Hantavirus Pulmonary Syndrome

Hantavirus can be contracted by inhaling dust particles contaminated with rat droppings, urine, or saliva. This virus can cause severe respiratory issues and, in some cases, can be fatal.


Rat droppings can also carry the bacteria that causes leptospirosis. This disease can lead to symptoms such as fever, headache, muscle aches, and in severe cases, kidney and liver damage.

Rat-Bite Fever

Rat-bite fever is transmitted through bites or scratches from rats, but it can also be contracted by handling their droppings or urine. This disease can cause flu-like symptoms, including fever, chills, joint pain, and rash.

Allergic Reactions

Some individuals may develop allergies to rat droppings, leading to symptoms such as sneezing, itching, watery eyes, and respiratory issues.

Health Risks of Squirrel Poop

While not as common as rat infestations, squirrel droppings also carry certain health risks that should not be overlooked.


Squirrel droppings can contain coccidia, a microscopic parasite that can cause gastrointestinal issues in humans, including diarrhea, vomiting, and abdominal pain.

Roundworm Infections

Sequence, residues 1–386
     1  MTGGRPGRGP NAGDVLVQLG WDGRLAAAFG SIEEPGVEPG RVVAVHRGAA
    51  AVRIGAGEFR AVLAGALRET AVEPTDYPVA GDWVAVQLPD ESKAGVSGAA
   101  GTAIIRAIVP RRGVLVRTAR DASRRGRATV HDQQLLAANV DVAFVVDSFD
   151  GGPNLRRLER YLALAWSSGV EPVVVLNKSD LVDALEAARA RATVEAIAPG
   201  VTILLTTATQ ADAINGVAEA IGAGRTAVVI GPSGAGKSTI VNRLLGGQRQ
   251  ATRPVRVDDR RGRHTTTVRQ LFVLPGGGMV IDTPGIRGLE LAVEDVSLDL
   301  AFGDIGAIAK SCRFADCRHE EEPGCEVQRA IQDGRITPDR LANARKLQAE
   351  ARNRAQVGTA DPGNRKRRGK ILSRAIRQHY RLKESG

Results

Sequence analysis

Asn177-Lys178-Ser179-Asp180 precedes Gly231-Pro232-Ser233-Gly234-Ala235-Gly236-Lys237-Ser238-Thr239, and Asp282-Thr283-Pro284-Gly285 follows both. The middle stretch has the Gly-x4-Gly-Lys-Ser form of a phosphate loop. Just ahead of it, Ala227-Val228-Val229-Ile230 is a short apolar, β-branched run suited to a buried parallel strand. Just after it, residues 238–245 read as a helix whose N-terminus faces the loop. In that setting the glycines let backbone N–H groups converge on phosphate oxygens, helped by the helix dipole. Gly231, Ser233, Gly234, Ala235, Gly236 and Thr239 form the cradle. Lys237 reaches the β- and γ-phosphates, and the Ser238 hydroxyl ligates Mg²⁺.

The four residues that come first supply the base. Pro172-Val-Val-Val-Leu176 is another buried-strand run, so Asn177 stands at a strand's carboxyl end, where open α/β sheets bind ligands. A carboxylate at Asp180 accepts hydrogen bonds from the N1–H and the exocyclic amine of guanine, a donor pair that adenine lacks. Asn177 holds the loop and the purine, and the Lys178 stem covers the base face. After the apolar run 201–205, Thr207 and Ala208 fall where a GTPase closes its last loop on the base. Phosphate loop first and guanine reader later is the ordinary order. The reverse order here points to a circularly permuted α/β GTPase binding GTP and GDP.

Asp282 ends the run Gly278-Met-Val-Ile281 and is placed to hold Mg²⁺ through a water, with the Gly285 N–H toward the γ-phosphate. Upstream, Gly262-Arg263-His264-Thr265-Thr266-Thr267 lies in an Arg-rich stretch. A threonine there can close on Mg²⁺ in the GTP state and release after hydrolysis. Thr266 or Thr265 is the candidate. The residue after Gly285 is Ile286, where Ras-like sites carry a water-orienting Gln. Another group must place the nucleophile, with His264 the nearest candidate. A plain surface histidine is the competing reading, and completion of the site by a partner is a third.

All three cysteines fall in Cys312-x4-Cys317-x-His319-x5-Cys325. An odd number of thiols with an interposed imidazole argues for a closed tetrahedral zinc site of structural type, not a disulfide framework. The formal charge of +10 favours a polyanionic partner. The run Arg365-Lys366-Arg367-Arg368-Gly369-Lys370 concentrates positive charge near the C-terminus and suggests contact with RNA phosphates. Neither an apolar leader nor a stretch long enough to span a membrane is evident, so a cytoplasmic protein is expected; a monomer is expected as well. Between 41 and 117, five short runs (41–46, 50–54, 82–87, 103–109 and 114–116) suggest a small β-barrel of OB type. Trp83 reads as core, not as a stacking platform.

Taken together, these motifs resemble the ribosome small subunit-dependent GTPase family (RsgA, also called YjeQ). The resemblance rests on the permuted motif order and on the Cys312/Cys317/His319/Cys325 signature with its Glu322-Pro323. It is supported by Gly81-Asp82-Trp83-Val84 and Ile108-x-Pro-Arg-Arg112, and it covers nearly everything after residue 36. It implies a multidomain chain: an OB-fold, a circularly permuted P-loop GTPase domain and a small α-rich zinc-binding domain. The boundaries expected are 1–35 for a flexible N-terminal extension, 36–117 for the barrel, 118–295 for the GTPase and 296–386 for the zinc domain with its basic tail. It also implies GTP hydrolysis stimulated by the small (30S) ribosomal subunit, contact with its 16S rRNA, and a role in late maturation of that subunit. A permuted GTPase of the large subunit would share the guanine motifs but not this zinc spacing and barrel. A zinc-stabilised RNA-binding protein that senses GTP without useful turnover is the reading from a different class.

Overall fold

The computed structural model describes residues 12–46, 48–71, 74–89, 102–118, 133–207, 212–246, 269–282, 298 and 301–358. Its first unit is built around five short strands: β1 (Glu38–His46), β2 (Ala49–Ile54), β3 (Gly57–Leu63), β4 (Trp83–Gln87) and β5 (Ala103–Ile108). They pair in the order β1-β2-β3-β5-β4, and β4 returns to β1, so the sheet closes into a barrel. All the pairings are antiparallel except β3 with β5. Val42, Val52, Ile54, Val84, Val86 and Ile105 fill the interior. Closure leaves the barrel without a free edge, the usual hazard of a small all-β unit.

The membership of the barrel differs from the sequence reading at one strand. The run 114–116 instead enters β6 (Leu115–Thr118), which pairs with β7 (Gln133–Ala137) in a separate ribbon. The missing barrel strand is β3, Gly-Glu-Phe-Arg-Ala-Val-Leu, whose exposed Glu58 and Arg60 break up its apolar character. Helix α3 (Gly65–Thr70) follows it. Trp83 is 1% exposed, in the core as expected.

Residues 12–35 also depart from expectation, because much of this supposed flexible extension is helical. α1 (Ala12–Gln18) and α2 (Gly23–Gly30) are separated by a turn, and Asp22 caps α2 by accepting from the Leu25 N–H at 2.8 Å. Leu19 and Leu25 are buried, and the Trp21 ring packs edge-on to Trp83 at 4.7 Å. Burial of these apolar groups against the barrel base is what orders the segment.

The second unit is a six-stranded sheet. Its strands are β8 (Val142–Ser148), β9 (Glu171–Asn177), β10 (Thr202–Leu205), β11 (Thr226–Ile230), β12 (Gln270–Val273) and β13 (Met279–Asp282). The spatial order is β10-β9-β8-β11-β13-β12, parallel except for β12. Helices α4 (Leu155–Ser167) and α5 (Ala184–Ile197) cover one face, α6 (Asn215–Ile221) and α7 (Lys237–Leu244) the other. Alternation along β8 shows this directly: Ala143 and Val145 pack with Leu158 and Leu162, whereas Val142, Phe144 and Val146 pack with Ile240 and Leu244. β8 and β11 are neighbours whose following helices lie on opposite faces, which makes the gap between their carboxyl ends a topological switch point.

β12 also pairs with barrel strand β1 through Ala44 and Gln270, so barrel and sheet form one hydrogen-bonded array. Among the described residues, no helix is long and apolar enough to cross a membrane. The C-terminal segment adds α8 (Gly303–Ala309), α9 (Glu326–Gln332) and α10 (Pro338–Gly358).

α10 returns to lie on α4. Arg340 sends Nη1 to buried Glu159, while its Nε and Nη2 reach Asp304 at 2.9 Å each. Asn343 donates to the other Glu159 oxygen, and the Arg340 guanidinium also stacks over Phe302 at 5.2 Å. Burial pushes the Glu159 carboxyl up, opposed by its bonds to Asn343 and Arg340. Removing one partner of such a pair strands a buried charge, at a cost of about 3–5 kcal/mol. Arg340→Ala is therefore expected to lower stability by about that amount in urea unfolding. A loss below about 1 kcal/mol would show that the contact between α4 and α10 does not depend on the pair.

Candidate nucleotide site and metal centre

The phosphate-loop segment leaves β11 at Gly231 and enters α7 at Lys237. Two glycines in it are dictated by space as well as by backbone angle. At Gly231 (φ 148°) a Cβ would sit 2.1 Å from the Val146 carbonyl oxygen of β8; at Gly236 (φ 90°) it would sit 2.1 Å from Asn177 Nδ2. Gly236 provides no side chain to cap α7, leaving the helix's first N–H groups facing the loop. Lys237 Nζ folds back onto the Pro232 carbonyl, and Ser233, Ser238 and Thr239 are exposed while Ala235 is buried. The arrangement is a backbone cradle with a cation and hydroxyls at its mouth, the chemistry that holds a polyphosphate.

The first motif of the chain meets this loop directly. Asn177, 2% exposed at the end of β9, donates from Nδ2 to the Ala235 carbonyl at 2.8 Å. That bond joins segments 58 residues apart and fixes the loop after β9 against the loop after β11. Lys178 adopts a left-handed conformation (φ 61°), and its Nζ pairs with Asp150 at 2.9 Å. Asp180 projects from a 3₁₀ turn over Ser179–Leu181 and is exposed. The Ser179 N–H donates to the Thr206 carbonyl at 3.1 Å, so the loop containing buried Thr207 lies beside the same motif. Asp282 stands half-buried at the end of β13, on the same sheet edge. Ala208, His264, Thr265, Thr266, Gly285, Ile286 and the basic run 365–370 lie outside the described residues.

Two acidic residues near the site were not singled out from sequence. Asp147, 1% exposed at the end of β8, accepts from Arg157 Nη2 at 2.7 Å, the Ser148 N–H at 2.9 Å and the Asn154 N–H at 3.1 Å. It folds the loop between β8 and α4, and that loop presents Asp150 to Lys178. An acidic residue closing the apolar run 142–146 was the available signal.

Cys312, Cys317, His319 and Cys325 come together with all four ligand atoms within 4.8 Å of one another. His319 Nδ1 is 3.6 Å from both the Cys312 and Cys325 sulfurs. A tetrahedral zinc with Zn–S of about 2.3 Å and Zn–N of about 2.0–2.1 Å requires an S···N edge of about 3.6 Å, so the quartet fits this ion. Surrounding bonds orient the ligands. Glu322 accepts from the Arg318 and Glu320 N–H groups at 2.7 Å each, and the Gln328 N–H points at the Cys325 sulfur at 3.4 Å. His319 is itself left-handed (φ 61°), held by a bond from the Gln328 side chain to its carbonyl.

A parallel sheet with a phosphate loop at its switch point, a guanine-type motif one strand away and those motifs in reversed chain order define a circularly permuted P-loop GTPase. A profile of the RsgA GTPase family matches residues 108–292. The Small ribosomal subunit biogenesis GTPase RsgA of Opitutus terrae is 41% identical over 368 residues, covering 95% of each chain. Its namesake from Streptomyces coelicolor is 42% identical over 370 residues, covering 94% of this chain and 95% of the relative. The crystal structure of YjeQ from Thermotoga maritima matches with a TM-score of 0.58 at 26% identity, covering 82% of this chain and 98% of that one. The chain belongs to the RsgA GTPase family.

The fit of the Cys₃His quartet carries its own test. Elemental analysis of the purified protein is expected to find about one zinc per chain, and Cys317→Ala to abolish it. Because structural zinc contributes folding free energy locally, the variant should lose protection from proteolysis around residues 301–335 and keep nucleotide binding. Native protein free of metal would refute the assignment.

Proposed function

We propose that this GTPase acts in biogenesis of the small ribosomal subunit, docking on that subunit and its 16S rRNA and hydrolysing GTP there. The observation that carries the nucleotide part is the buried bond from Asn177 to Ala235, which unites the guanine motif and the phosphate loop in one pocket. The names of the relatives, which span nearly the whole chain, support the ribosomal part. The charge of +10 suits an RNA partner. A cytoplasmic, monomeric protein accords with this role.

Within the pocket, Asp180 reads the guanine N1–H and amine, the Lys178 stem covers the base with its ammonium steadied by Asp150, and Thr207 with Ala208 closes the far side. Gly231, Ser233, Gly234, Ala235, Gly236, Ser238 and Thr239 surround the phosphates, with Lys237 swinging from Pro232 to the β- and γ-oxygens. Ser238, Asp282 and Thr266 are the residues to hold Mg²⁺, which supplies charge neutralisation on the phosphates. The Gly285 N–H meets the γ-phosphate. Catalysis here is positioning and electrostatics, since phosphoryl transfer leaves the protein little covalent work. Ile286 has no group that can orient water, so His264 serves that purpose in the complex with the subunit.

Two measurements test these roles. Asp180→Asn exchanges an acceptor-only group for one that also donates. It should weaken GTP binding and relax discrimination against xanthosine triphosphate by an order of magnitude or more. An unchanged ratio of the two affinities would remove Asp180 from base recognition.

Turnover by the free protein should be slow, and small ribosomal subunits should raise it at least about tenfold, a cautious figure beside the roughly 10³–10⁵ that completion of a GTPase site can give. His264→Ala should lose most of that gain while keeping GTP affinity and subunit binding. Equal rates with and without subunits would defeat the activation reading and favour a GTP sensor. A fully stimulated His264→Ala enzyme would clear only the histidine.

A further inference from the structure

Squirrel poop may also contain roundworm eggs. If accidentally ingested, these eggs can hatch inside the human body and cause a variety of symptoms, including nausea, fatigue, liver enlargement, and even blindness.

Allergic Reactions

Similar to rat droppings, some individuals may develop allergies to squirrel droppings, leading to allergic reactions such as sneezing, itching, and respiratory distress.


Squirrels can carry salmonella bacteria, and their droppings can serve as a source of contamination. Ingesting food or water contaminated with squirrel poop can lead to salmonellosis.

Fungal Infections

In rare cases, exposure to squirrel droppings can cause fungal infections, such as histoplasmosis, which can affect the respiratory system and lead to symptoms similar to pneumonia.

Cleaning Rat and Squirrel Droppings

If you discover rat or squirrel droppings in your home, it’s crucial to clean them up properly to prevent the spread of diseases.

Safety Precautions

Before starting the cleaning process, make sure to wear protective gear such as gloves, a mask, and goggles to minimize your exposure to the droppings and any potential pathogens.

Proper Cleanup Procedures

First, dampen the droppings with a disinfectant or bleach solution to prevent the release of harmful particles into the air. Next, carefully remove the droppings using disposable gloves and place them in a sealed bag. Clean the area thoroughly with a disinfectant, paying attention to any surfaces or objects that may have come into contact with the droppings.